By Cindy Naas
Instead of standing in front of the house shouting “Get off my lawn!”, several families in the U.S. and Canada are creating inviting gardens where the lawns once were.
Artist/architect/landscaper Fritz Haeg has designed and implemented 6 front yard gardens which are meant to make us all question the reasoning behind the landscapes surrounding our homes.
Haeg’s ‘Edible Estates’ are created to be beautiful oases in city neighborhoods which both grow large amounts of food and invite neighbors and passers-by to wander through these gardens.
I was delighted to find this project, since at one time I had two lawns devoted to growing veggies. Haeg’s gardens are beautiful enough to please a nearby neighbor while being very practical. His ideas concerning creating neighborhoods are really the most important part of this movement, in my opinion.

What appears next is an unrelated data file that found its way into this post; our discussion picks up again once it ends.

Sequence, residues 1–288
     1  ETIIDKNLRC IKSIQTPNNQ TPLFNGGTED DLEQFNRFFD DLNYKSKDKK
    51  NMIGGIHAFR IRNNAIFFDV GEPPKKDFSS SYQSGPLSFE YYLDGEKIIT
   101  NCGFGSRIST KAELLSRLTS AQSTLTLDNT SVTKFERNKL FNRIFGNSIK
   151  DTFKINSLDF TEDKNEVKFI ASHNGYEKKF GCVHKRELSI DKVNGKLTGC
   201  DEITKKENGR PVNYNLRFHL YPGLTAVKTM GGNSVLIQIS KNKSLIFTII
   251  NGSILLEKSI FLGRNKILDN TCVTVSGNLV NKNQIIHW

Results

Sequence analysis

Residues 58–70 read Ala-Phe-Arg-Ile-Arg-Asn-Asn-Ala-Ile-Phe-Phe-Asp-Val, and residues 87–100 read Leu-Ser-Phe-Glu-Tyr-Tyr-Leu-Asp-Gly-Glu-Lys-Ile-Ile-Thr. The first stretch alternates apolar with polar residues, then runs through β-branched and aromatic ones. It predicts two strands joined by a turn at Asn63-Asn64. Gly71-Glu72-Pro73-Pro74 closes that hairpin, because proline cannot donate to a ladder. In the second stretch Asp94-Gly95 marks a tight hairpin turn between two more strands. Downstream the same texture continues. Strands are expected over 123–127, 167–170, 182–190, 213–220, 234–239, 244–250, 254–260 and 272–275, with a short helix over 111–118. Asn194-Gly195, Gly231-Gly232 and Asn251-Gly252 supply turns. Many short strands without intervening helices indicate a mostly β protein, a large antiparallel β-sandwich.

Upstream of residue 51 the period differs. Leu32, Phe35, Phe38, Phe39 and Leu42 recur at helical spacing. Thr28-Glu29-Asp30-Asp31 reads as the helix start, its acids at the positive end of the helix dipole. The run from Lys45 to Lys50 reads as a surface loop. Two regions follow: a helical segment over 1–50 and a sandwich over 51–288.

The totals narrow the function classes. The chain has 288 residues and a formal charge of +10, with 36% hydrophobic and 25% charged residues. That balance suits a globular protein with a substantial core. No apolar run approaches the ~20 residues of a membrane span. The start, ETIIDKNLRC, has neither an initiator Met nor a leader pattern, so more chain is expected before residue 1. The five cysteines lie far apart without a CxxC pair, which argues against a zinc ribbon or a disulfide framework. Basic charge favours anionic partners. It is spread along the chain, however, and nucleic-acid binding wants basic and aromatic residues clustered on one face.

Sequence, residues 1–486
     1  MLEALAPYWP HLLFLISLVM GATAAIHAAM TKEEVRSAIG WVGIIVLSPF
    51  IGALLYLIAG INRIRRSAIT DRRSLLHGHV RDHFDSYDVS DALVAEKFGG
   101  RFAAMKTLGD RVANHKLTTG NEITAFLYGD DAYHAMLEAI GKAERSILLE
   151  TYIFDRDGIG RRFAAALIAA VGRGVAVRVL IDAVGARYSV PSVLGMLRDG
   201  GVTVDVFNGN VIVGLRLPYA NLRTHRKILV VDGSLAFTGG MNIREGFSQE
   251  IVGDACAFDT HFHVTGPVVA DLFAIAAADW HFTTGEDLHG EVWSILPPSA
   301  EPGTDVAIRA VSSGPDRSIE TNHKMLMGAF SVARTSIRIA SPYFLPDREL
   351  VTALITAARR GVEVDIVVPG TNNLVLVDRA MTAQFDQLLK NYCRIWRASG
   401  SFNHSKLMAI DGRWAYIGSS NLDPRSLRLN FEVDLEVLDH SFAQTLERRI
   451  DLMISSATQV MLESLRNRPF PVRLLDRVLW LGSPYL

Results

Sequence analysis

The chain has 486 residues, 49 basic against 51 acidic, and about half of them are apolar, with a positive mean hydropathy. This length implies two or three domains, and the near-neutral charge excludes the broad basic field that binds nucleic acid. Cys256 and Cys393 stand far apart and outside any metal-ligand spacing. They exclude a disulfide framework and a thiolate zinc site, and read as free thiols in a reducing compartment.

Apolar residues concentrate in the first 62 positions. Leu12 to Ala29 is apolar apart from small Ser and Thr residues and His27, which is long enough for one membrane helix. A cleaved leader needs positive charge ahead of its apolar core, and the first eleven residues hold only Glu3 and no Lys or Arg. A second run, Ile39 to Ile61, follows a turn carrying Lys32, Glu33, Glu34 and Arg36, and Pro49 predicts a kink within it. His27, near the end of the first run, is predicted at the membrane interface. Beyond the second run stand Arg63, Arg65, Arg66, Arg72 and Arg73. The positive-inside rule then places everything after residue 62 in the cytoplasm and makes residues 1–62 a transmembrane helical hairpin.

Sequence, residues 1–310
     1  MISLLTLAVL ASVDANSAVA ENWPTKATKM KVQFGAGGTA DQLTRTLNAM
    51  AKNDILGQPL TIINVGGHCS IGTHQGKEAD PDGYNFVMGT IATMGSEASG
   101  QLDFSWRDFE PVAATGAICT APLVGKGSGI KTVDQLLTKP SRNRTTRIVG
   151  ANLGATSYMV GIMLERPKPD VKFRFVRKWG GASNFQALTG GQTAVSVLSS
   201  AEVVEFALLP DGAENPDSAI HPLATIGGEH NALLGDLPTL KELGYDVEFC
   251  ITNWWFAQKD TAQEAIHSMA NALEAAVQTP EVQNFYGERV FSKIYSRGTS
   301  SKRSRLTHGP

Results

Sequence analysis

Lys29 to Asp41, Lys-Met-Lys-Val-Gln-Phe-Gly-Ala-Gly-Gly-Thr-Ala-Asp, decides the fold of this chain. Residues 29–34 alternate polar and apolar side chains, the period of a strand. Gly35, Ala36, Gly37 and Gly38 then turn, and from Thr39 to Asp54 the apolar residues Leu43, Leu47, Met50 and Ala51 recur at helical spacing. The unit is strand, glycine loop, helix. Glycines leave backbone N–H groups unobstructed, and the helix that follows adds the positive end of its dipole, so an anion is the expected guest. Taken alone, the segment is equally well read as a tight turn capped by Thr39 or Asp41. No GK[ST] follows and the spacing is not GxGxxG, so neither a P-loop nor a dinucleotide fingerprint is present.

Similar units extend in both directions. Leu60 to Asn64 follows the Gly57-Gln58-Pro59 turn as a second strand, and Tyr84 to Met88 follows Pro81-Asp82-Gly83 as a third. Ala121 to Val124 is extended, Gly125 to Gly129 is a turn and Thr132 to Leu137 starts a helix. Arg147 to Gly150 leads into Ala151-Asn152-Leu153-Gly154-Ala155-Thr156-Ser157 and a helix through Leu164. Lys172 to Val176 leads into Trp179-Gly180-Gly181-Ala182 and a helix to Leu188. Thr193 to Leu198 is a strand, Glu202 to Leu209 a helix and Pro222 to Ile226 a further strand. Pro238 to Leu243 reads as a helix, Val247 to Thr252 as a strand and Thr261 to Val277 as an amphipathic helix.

So far, Haeg’s ‘Edible Estates’ have been installed in the following cities:
- Salina, Kansas
- Lakewood, California
- London, England
- Austin, Texas
- Baltimore, Maryland
Haeg has a book out now called Edible Estates: Attack on the Front Lawn. I’m eagerly waiting for my copy to arrive. In the mean time, see examples of these beautifully planned gardens and to read more about Haeg’s work.
Creating community, growing food and flowers and using less water than traditional lawns sounds like the philosophy I try to garden by. Haeg’s gardens are the symbols of the best of urban gardening.